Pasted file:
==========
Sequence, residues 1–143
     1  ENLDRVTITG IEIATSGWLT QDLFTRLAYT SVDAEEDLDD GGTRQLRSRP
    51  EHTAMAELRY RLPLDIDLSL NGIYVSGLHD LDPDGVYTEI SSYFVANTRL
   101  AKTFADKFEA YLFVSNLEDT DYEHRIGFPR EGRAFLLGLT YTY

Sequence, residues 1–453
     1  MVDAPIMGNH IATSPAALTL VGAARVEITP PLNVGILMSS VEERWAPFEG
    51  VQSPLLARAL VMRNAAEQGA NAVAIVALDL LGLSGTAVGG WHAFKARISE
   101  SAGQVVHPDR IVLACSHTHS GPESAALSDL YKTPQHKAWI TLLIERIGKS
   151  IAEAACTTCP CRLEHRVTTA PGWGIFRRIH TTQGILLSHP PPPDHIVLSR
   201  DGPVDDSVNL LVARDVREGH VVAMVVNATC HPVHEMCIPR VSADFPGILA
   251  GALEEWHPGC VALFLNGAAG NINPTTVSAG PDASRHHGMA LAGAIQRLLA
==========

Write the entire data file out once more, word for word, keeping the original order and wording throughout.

Sequence, residues 1–143
     1  ENLDRVTITG IEIATSGWLT QDLFTRLAYT SVDAEEDLDD GGTRQLRSRP
    51  EHTAMAELRY RLPLDIDLSL NGIYVSGLHD LDPDGVYTEI SSYFVANTRL
   101  AKTFADKFEA YLFVSNLEDT DYEHRIGFPR EGRAFLLGLT YTY

Sequence, residues 1–453
     1  MVDAPIMGNH IATSPAALTL VGAARVEITP PLNVGILMSS VEERWAPFEG
    51  VQSPLLARAL VMRNAAEQGA NAVAIVALDL LGLSGTAVGG WHAFKARISE
   101  SAGQVVHPDR IVLACSHTHS GPESAALSDL YKTPQHKAWI TLLIERIGKS
   151  IAEAACTTCP CRLEHRVTTA PGWGIFRRIH TTQGILLSHP PPPDHIVLSR
   201  DGPVDDSVNL LVARDVREGH VVAMVVNATC HPVHEMCIPR VSADFPGILA
   251  GALEEWHPGC VALFLNGAAG NINPTTVSAG PDASRHHGMA LAGAIQRLLA